I think Joan Walsh perfectly put into words my feelings and fears about last night's command performance by Barack Obama and John McCain at the Saddleback Mega-Church in Orange County, California. The candidates came to prostrate themselves before Pastor Rick Warren and, by proxy, his legion of disciples and their particular belief system. This morning in a Salon.com piece entitled "Are We Now Officially a Christian Nation?" Walsh wrote this about Obama, who's taking the walk-of-shame this morning after being used like a drunk sorority sister last night:
"(Obama) did reasonably well, though not overwhelmingly so. I loved his saying he wouldn't have appointed Clarence Thomas and Antonin Scalia to the Supreme Court, and his firm support of choice and gay civil unions. He seemed very comfortable talking about his Christian faith. On the other hand, that bothered me a little bit too. I'm not sure why Obama voluntarily sat down for a nationally televised conversation about his private religious faith with a relatively conservative Christian leader, as though that's a reasonable station of the cross, so to speak, for a major American presidential candidate. There's no doubt Rick Warren's congregation has done good things on social justice issues, especially AIDS, but Warren has made no secret of his extreme views on abortion and gay rights (as well as his support for the Iraq war.) Obama visiting the church, speaking there? Smart politics. Attending a nationally televised forum, almost as big deal as a debate, at such a church? I think that was wrong."
Her point, put bluntly: Why should either Barack Obama or John McCain -- let alone both of them -- have to answer to a smugly self-satisfied Rick Warren and his flock? (Besides the most pragmatic of reasons: because they represent a large voting bloc.) If it truly is about a respect for their beliefs, which are no more sound than those of any other religion out there, then why not pander equally to Muslims, or Buddhists, or Hindus, or, for that matter, Atheists? Obama in particular is finding his Christian faith questioned and doubted at every turn by many of the very same people he was forced -- and yes, I'll use that word because it fits -- to put himself in the line of fire of last night.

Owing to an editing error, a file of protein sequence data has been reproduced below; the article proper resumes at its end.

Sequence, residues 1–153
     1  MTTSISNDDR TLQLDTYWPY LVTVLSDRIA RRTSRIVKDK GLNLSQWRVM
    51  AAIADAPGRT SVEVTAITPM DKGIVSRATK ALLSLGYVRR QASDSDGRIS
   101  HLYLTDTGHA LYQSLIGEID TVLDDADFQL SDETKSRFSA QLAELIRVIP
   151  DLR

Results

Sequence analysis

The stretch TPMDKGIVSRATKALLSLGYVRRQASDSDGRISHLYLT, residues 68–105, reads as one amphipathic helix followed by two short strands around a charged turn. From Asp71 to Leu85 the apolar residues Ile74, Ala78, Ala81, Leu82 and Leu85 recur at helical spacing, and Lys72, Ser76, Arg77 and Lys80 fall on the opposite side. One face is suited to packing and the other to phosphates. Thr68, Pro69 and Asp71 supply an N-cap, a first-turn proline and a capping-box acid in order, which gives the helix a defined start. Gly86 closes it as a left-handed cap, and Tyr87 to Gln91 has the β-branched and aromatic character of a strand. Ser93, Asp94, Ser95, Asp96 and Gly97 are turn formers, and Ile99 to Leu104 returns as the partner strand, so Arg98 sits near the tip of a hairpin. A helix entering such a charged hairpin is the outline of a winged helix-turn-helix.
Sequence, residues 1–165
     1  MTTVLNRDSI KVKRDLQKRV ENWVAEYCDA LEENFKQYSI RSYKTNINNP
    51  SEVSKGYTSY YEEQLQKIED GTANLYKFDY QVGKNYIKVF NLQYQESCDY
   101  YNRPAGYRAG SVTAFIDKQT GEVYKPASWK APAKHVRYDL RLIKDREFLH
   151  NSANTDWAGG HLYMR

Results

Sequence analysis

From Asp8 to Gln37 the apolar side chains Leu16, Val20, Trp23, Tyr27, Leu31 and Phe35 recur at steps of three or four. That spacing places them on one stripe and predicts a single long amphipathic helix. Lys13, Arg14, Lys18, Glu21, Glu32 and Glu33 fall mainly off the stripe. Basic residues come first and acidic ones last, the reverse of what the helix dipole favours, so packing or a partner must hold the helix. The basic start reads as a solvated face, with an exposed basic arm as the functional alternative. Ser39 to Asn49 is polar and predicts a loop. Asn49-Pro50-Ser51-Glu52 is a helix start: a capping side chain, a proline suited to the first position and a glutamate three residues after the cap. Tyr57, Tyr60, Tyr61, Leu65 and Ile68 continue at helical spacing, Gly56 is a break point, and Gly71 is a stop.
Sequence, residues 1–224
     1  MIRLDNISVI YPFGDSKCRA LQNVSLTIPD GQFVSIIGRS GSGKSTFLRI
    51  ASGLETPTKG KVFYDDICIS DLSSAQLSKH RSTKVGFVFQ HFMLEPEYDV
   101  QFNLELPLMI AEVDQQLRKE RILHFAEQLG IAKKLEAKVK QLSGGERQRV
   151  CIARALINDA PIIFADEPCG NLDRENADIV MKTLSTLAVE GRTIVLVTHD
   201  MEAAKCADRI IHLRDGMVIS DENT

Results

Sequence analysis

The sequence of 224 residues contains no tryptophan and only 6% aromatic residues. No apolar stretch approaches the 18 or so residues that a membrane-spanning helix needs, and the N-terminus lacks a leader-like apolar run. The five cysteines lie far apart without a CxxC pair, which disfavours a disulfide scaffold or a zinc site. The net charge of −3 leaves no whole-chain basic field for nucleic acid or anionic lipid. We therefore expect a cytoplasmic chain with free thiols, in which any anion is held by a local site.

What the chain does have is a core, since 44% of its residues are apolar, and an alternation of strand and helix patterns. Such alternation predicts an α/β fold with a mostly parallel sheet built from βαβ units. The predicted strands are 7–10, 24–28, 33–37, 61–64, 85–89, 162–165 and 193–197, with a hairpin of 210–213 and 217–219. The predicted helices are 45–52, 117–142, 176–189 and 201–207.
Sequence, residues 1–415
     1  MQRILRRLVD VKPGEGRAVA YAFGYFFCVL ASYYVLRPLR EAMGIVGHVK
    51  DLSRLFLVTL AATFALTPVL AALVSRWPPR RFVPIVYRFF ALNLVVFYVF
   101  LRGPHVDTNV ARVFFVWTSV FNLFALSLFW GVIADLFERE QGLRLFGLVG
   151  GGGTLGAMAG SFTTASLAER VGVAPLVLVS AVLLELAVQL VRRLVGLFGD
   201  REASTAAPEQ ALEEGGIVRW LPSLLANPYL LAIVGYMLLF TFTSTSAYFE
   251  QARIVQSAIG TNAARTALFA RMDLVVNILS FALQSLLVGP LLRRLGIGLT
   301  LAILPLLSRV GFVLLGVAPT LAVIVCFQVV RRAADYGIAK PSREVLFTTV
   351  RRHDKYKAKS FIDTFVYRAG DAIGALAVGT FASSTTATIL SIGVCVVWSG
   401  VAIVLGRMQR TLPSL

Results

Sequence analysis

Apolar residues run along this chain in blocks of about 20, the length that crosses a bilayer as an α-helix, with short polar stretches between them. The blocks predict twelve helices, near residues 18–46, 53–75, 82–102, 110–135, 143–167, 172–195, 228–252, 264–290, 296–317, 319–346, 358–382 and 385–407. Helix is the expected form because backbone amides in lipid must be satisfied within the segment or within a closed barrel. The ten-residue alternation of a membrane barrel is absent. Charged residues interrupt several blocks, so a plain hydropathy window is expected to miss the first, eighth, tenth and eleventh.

If the question of why he allowed it to occur seems too obvious, then try this one: Why have we allowed it? We've seen what happens when our nation is hijacked by one faith above all others and its fundamentalist followers are given an inordinately booming voice in its government. We've lived with the results for eight years. So why aren't the rest of us, the millions and millions of Americans who don't worship at the various altars of Christian dogma, demanding that people like Pastor Rick Warren -- the Oprah of pop-Christianity -- sit the hell down and shut up? Or better yet, why aren't we demanding that our candidates simply not come running like obedient dogs every time someone like Warren snaps his fingers and invokes Jesus and votes and the connection between the two, which apparently will not be denied?
If we're going to continue even further down this path, though -- further than we've already gone -- let's at least be fair about it. I want Obama and McCain to appear before Tom Cruise at a "Scientology Symposium." Xenu commands it.
And after that, they can hit Albus Dumbledore's "Wizard-Con" at Hogwarts to discuss what they plan to do to help protect the country in the coming battle with the Dark Lord Voldemort.
Think this sounds silly? Ask Rick Warren and his church what they believe some time. Trust me: Disneyland isn't the only garish monument to a fairy tale in Orange County.